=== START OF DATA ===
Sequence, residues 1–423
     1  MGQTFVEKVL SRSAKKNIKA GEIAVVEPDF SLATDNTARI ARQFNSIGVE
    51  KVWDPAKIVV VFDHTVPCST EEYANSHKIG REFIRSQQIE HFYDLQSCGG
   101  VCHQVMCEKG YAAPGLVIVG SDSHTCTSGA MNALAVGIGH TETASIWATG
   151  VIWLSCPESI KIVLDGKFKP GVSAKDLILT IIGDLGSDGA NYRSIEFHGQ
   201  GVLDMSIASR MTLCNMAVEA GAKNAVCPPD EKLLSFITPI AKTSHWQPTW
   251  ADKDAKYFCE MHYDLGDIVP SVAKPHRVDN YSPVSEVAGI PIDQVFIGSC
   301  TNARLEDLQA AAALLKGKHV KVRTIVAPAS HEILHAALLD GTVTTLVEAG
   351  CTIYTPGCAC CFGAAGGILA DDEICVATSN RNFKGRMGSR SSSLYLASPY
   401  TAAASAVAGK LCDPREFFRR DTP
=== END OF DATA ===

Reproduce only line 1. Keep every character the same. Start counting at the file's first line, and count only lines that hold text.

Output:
Sequence, residues 1–423